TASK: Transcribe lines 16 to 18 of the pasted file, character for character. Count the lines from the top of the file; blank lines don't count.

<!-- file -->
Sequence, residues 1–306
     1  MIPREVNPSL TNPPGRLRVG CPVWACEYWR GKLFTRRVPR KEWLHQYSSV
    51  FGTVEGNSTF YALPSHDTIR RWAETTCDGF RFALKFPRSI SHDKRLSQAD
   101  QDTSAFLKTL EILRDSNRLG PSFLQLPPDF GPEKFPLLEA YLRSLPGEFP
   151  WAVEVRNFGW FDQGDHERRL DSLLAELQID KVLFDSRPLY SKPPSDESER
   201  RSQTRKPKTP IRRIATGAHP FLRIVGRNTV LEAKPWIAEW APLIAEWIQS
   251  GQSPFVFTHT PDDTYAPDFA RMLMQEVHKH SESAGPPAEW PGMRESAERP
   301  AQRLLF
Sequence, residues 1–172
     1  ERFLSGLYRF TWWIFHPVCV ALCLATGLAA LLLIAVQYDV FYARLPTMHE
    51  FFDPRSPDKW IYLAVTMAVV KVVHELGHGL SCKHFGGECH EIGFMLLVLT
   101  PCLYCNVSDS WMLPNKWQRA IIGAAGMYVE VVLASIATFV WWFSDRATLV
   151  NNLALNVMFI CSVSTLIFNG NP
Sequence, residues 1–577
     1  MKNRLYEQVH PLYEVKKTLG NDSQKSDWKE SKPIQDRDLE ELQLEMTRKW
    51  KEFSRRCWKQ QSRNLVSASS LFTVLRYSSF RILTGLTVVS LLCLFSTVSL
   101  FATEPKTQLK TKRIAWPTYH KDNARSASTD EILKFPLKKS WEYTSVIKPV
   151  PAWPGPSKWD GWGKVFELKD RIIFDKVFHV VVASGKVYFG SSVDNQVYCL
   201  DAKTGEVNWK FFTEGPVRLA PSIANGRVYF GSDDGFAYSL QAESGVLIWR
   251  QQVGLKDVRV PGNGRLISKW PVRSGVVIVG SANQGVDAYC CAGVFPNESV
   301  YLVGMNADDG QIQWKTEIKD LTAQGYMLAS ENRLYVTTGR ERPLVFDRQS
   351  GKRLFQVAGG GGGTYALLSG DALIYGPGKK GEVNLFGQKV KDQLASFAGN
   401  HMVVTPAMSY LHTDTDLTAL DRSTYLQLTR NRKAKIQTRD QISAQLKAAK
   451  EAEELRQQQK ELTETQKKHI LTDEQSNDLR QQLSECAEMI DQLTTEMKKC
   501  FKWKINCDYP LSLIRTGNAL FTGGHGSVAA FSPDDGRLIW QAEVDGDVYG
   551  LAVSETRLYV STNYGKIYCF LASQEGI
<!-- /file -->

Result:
    51  KEFSRRCWKQ QSRNLVSASS LFTVLRYSSF RILTGLTVVS LLCLFSTVSL
   101  FATEPKTQLK TKRIAWPTYH KDNARSASTD EILKFPLKKS WEYTSVIKPV
   151  PAWPGPSKWD GWGKVFELKD RIIFDKVFHV VVASGKVYFG SSVDNQVYCL